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Mold Illness Information & Products

Beating Back Bacteria in CFS and Fibromyalgia

 

 

 

 

 
Dr. Jacob Teitelbaum

Dr. Jacob Teitelbaum's Column

...expert advice on CFS, Fibromyalgia and other Health Topics.

 

 

 

 

 

 

 

 

 
 
Jacob Teitelbaum MD is Medical Director of the Fibromyalgia and Fatigue Centers
(www.fibroandfatigue.com). Senior author of the landmark studies "Effective Treatment of Chronic Fatigue Syndrome and Fibromyalgia -- a Placebo-controlled Study" & "Effective Treatment of CFS & Fibromyalgia with D-Ribose". Author of the best-selling book "From Fatigued to Fantastic!"(3rd ed-Penguin/Avery Oct 4, 2007) , "Three Steps to Happiness! Healing through Joy", and "Pain Free 1-2-3- A Proven Program to Get YOU Pain Free!" (McGraw Hill, 2006). He does numerous media appearances, including CNN and FOX National News and is a frequent guest on Oprah and Friends with Dr. Oz.. He lives in Kona, Hawaii. Visit his web site at www.Vitality101.com

 

You can benefit from Dr. Teitelbaum's wisdom and experience by visiting us at The Environmental Illness Resource regularly to read articles from his latest newsletter!

 

 

 

Monday, April 2nd, 2012:

 

What's New in S.H.I.N.E. — Part XI: Beating Back Bacteria in CFS & Fibromyalgia

Waking Up in the Middle of the NightWaking Up in the Middle of the NightWaking Up in the Middle of the Night

 

by Jacob Teitelbaum MD

 

 

Dear Readers,
 
In a recent newsletter, I discussed NAET as a possible way to treat infections in CFS and fibromyalgia. In the past, I've also pointed out that the common viruses viruses are common culprits, and reactivated when CFS/FMS weakened the immune system.
 
Well, what's true of viruses is also true of bacteria and other antibiotic sensitive infections. Rare and unusual bacteria don't typically cause CFS/FMS. Rather, the weakened immune system of CFS/FMS allows a reactivation of symptom-causing infections such as mycoplasma and C. pneumoniae — infections that would otherwise be rapidly eliminated by a healthy immune system.
 
How can you and your doctor figure out if hidden bacterial infections are part of the picture of your CFS/FMS?
 
Well, if you have strep throat or a bladder infection, it's easy for a doctor to collect the bacteria, put it in a culture dish, and figure out the type of bacteria that's causing the problem — and treat it. But if you have one or more of the infections that are commonly seen in CFS and fibromyalgia (e.g., antibiotic-sensitive bacterial infections, viral, parasitic or Candida infections) there aren't any accurate tests for detection. That means these infections often need to be treated empirically without lab confirmation, based solely on symptoms and their response to treatment.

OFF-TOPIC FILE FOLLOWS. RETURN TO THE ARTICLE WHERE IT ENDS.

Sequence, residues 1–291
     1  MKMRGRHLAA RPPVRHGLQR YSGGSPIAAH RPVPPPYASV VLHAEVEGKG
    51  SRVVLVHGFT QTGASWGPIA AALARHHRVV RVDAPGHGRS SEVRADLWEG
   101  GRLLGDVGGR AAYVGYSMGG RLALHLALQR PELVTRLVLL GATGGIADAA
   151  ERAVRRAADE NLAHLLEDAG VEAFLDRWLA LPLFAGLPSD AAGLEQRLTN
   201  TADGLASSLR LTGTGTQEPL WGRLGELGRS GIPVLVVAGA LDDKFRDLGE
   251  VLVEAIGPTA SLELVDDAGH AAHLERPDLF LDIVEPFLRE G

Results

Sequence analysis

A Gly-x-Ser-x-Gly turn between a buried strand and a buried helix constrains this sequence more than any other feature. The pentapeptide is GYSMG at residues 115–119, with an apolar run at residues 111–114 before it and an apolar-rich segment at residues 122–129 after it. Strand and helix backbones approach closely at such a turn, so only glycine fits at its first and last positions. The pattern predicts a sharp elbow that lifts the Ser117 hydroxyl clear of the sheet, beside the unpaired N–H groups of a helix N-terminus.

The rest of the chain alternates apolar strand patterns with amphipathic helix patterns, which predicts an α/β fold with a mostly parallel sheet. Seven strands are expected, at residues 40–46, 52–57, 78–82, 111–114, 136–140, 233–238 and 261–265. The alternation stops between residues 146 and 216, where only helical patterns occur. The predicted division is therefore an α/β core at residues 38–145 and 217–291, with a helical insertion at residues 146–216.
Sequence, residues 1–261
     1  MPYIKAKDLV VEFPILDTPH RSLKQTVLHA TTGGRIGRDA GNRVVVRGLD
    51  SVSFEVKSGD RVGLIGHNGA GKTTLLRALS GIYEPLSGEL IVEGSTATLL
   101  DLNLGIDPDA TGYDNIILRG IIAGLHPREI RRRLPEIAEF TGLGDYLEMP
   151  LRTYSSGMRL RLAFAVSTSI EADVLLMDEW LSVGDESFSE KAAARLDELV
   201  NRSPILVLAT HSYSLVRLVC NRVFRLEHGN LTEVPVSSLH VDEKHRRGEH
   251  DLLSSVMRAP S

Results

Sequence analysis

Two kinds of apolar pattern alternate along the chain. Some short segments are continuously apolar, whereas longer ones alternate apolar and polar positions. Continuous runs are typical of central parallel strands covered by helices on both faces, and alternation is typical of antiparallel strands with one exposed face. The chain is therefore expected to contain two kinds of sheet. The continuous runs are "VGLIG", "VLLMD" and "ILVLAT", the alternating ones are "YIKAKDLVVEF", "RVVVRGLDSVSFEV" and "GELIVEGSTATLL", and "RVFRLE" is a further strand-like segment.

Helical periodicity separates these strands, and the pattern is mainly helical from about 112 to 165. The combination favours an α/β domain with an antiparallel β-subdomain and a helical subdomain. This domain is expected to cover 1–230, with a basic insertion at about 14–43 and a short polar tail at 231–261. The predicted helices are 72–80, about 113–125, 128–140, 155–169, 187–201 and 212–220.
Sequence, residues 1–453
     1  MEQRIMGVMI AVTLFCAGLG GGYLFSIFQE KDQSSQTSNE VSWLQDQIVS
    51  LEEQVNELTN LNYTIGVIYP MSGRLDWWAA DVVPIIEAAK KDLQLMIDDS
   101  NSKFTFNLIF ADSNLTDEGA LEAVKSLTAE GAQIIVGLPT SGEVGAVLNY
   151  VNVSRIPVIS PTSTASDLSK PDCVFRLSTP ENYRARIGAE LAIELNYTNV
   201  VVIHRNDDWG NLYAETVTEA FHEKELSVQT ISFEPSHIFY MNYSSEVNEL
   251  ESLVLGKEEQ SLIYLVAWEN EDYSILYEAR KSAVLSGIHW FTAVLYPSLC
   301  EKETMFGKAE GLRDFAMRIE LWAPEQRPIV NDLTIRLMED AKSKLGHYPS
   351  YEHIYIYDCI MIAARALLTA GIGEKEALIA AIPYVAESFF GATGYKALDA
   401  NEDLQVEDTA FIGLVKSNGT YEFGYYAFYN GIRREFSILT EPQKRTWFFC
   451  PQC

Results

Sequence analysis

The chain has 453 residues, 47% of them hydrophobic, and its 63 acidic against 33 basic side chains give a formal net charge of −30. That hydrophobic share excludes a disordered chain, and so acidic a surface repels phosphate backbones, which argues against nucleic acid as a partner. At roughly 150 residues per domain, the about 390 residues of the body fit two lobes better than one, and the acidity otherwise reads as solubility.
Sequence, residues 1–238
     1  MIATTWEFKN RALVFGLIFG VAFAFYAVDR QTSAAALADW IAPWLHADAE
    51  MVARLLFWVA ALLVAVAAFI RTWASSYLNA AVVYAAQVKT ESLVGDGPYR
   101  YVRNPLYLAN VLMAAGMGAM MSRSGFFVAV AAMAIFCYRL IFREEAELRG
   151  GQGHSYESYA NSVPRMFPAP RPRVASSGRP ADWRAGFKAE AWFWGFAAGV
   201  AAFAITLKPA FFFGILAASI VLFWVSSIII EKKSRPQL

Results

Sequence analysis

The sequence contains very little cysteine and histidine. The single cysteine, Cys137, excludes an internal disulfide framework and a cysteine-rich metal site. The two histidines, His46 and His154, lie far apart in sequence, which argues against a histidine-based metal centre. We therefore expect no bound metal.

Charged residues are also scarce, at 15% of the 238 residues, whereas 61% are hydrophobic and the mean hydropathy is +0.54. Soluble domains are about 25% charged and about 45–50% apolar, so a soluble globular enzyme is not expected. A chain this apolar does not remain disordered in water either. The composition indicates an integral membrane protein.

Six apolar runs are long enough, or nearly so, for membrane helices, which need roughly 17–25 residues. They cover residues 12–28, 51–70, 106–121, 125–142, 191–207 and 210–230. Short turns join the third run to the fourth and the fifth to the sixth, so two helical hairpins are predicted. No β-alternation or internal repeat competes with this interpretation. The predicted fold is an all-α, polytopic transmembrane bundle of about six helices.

Here's how to figure out if a course of antibiotics may help you.
 
For example, some of my patients who take erythromycin or tetracycline antibiotic for a bronchitis that won't quit find that all their CFS/FMS symptoms improve — not just the cold! In that case, I recommend a twelve-week course of 500 milligrams of Zithromax daily or 100 milligrams of doxycycline twice a day. If you feel better on the antibiotic, keep repeating six-week courses until the symptoms stay gone (take the thymic hormone "ProBoost" for 3 months (helpful but optional), zinc 20 mg a day for 3-6 months, and the antifungal "Anti-Yeast," Nystatin, or Diflucan in conjunction with it).
 
Symptoms that make me suspect that a trial of antibiotics is warranted include (I find this is the case if any of the following are present):
 
  1. A fever over 98.6°F — even 99°F — and/or
  2. Chronic lung congestion,
  3. Recurrent scalp sores which scab,
  4. A history of bad reactions to several different antibiotics (people misinterpret the die-off reaction as being an allergic reaction),
  5. A history of your CFS/FMS transiently improving in the past when given an antibiotic,
  6. Severe vertigo — this is when you feel like you or the room is spinning in a circle, and is not to be confused with the disequilibrium experienced by most of us with CFS,
  7. Severe night sweats that persist after treating the Candida and hormonal deficiencies.

The basics of immune-building are the best way to keep bacteria at bay. You can boost your immunity by:
 
  • Sleeping 8 hours a night.
  • Optimizing adrenal gland function, to better handle stress.
  • Improving digestion.
  • Optimizing nutritional support.
  • Eliminating other chronic infections (e.g., Candida and parasites).

There are a number of articles on this site that provide practical info for dealing with hidden bacterial infections. Start with:
 
  • Treating Hidden Bacterial Infections in CFS & FMS

Other helpful articles include:
 
  • Avoiding and Treating Infections Without Antibiotics
  • Going After Hidden Infections
  • How to Optimize Your Immune (Defense) System — Naturally!

Love & Blessings,
 
Dr. T

 

 

 

 


 

Used with permission from Dr Jacob Teitelbaum's free newsletters-available at www.Vitality101.com

 

 

Learn more from Dr. Teitelbaum's books:

 

 

From Fatigued To Fantastic

 

From Fatigued to Fantastic!: A Proven Program to Regain Vibrant Health, Based on a New Scientific Study Showing Effective Treatment for Chronic Fatigue and Fibromyalgia


Buy from Amazon.com

Buy From Amazon.co.ukBeating Back Bacteria in CFS and Fibromyalgia

Pain Free 1-2-3

 

Pain Free 1-2-3: A Proven Program for Eliminating Chronic Pain Now!


Buy from Amazon.com

Buy From Amazon.co.ukBeating Back Bacteria in CFS and Fibromyalgia

 

 


 

 

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